That is the word I want you to remember. When Jesus says: “You are the salt of the earth.” Jesus is saying “Be Authentic.” One thing that has limited the influence Christians have on the world; is that many who claim to follow the Christ are not authentic. An inconsistent lifestyle repels people from God.
Our life needs to portray grace. Our life our actions may be the only Scriptures that others will ever encounter.
So, how authentic is your walk? Are the people around you drawn to faith by your life? Do people who cross your path recognize that there is a difference in the way you live?
In the letter to the Galatians Paul informs us what a life looks like when the Holy Spirit is active: “You will be filled with love; you will be filled with joy, peace, patience, goodness, kindness, gentleness, faithfulness and self-control”.
Do the people you work with, your family members, your neighbors your friends see the “fruit of the Spirit,” growing in your life? Are you the real deal, or is there so much impurity mixed in with your faith that it is not good for anything?
The key is being authentic; the key is being real, not trying to appear perfect. Nobody likes a phony, and if you think you are fooling everybody, than the only person you are probably fooling is yourself. You are just wearing a mask.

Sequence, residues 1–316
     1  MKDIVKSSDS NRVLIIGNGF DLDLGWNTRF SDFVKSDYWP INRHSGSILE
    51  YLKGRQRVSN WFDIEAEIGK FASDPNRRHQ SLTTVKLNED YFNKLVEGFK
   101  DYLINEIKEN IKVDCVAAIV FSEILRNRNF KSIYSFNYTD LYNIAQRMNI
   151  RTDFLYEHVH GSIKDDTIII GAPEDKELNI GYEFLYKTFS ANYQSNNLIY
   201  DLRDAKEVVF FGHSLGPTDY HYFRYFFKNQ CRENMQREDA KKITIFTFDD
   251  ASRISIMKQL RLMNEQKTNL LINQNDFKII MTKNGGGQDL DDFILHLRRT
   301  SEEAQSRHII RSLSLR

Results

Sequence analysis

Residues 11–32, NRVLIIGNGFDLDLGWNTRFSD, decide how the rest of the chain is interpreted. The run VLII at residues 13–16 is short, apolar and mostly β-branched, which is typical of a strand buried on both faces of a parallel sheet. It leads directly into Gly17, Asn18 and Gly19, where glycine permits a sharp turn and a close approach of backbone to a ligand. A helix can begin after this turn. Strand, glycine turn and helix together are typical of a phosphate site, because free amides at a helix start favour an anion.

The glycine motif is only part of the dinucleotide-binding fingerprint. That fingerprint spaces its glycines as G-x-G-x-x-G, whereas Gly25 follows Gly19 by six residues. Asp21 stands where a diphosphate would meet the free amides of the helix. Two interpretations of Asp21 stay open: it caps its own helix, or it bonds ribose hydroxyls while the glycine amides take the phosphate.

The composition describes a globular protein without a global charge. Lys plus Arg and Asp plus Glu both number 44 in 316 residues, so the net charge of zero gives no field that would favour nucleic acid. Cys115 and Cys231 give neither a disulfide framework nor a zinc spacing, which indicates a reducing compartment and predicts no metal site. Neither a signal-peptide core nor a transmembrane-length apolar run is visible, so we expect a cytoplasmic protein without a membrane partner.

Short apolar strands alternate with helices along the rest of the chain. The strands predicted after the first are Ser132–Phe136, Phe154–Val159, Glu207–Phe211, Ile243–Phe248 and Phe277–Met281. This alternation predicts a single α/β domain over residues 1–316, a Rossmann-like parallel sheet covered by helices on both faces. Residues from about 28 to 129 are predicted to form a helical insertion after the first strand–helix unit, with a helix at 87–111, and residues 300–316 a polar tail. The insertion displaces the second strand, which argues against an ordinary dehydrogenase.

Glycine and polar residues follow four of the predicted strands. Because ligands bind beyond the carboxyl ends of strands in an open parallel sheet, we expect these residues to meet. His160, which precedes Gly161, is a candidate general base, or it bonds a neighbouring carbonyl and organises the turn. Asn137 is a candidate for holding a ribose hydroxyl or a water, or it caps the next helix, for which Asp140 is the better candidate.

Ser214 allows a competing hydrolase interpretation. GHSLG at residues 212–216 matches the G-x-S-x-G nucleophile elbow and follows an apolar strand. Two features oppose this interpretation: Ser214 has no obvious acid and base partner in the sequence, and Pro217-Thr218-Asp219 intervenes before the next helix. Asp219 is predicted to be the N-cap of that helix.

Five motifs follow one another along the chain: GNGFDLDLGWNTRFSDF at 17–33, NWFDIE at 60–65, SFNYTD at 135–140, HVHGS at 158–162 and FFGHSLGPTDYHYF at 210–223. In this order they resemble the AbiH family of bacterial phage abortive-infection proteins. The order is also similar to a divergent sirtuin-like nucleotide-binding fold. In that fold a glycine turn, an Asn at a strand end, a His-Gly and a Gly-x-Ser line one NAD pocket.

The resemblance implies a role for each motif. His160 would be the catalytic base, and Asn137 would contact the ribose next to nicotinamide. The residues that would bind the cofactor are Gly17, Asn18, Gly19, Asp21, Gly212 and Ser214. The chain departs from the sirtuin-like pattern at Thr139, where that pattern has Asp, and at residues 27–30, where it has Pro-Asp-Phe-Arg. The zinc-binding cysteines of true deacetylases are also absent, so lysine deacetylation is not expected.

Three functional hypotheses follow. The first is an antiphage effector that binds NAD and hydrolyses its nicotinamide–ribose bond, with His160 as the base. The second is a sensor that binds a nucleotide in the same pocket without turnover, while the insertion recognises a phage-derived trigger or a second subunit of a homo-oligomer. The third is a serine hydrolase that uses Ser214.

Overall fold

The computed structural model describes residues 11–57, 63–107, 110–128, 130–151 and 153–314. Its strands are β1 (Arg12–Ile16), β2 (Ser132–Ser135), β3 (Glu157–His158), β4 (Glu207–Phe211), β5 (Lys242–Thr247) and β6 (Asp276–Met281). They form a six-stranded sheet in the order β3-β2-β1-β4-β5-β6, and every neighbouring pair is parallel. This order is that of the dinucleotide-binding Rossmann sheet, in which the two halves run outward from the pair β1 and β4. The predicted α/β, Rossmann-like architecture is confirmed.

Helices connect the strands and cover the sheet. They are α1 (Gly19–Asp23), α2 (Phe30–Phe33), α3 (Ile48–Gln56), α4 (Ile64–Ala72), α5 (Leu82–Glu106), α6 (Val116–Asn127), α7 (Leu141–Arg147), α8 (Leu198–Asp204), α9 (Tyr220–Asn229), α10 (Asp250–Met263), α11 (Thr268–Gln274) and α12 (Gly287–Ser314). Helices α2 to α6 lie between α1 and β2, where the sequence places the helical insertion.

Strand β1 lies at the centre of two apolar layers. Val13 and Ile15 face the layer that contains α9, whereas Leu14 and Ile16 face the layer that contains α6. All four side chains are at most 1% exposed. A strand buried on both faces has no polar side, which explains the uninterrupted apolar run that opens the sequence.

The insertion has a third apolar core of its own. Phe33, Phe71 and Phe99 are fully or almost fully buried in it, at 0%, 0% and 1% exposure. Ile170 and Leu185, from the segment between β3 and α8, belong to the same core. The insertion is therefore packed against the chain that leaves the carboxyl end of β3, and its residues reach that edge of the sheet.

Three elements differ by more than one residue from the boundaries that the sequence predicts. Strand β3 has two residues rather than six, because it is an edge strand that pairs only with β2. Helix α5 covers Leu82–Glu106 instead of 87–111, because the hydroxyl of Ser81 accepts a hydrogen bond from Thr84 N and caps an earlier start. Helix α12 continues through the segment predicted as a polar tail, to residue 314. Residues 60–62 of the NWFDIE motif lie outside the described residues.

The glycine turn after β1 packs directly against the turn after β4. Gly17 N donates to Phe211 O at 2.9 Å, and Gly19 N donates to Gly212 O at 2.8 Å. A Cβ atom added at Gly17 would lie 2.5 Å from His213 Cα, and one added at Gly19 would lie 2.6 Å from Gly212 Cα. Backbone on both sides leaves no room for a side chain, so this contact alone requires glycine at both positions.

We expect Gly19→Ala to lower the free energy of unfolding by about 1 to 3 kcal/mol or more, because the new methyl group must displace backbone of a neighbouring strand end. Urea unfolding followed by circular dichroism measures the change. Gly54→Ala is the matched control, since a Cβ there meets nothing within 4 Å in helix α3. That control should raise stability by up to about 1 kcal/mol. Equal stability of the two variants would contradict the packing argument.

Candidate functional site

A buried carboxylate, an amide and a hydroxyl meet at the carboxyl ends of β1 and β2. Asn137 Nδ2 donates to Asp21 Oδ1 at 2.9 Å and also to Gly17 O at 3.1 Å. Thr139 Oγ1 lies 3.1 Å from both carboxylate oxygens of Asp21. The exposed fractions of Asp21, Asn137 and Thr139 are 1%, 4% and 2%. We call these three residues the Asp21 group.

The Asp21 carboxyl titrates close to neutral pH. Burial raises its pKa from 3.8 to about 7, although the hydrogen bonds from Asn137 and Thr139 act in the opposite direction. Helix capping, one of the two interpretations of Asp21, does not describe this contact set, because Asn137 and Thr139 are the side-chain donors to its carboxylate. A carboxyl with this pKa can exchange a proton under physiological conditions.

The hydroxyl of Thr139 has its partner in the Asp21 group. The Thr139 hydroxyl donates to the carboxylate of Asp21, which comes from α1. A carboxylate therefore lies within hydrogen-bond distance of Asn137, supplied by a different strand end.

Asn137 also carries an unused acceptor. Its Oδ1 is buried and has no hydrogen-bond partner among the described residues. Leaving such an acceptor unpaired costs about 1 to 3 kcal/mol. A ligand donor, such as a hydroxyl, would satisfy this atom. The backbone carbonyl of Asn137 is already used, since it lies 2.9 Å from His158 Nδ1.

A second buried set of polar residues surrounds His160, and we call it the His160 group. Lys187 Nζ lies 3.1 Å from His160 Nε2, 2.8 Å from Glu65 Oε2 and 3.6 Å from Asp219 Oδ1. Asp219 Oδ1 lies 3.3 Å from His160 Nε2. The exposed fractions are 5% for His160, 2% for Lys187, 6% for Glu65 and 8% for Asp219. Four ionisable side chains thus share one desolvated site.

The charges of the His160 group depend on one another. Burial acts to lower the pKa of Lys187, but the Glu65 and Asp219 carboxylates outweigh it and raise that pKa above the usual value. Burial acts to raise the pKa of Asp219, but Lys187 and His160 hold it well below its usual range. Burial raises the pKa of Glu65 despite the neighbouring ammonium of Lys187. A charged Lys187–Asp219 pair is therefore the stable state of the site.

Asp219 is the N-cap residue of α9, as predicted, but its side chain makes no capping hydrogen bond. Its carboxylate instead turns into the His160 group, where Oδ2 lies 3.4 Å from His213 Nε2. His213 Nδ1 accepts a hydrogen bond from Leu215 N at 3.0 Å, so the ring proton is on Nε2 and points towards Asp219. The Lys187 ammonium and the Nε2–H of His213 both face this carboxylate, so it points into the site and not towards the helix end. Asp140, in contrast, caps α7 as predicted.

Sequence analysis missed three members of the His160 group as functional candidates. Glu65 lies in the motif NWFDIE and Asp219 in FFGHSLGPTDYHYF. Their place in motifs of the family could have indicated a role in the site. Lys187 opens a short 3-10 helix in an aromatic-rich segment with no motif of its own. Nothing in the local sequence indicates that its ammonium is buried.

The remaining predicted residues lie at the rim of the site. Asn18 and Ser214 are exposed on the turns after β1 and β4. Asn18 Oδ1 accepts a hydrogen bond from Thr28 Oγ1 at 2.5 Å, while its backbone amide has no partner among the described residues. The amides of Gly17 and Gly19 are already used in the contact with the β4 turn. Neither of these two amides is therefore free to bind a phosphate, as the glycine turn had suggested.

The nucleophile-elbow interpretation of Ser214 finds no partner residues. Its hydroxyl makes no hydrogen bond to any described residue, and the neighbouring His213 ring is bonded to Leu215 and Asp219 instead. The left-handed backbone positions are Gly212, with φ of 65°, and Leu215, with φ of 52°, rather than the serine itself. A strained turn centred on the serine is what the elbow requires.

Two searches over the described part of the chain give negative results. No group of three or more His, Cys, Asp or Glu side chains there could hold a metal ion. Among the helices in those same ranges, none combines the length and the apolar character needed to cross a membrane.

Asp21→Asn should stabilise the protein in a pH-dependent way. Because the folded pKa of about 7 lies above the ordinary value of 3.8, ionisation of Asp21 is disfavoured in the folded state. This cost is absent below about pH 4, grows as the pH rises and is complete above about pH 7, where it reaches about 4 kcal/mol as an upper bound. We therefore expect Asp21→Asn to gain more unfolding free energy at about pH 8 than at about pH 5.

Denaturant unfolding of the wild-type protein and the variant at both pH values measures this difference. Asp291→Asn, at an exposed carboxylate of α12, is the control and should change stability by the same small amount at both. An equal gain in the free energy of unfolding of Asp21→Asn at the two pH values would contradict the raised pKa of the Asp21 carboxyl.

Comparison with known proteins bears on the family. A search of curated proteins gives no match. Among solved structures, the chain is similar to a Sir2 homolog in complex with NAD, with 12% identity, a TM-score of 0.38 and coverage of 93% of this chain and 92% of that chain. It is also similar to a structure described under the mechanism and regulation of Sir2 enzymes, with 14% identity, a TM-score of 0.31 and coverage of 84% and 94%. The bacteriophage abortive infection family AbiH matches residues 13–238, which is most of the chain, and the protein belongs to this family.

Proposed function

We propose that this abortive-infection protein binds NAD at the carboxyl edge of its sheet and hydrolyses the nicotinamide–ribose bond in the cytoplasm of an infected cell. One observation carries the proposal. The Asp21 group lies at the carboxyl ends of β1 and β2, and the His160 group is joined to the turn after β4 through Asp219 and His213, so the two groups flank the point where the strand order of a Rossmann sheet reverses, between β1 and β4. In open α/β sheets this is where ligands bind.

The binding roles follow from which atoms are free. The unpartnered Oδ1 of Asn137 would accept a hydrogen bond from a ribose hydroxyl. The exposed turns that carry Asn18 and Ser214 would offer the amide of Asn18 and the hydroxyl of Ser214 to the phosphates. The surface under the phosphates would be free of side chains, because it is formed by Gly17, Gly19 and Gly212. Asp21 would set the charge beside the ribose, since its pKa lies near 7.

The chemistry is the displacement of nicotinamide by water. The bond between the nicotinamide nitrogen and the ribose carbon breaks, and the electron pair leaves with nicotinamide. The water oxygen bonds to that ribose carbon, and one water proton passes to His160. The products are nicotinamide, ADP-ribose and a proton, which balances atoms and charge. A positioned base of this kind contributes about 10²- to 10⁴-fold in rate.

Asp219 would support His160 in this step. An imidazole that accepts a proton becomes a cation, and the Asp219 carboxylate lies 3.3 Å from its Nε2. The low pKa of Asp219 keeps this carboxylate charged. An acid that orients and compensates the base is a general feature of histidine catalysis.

In ancient Greece they had great theatrical events, plays, in large amphitheaters. They did not have microphones to make their voices heard, and they didn’t have cameras to magnify their images, so they invented a system.
They developed large masks. The masks made them look like the characters they portrayed. Built into the masks were megaphones to amplify their voices. The actors on stage, got behind their masks and they became somebody else, someone different than they really were.
These actors were called the “hypocrites.” There are many people whose lives are nothing more then a big act. They play the same role today. They too are the “Hypocrites.”
You see, God wants to change us, but not superficially. He calls us to be conformed to the image of His Son. He does not want to just change the way we look. He wants to clean us up from the very core of our being.
Jesus calls us to be people of influence. To do it we must be authentic – changed us from the inside out. Jesus followers are to be the good news before they share the good news.”
A Peanuts cartoon, showed Peppermint Patty talking to Charlie Brown. She said, “Guess what, Chuck. The first day of school and I got sent to the principals office. It was your fault, Chuck.” He said, “My fault? How could it be my fault? Why do you say everything’s my fault?” She said, “You’re my friend, aren’t you, Chuck? You should have been a better influence on me.”
While Peppermint Patty was seeking to pass the buck, she was in a very real sense right. We certainly do have an influence, all be it for good or for bad.
Salt is a seasoning, a preservative, but unless it is brought into contact with another object its influence is wasted!
But when it is rubbed onto and into meat, or added to food it becomes what it was intended for influencing the flavor!
Salt that just sits in the shaker is of no use. Is your salt sitting on the shelf or are you in contact with and bringing flavor to those that God has sent you?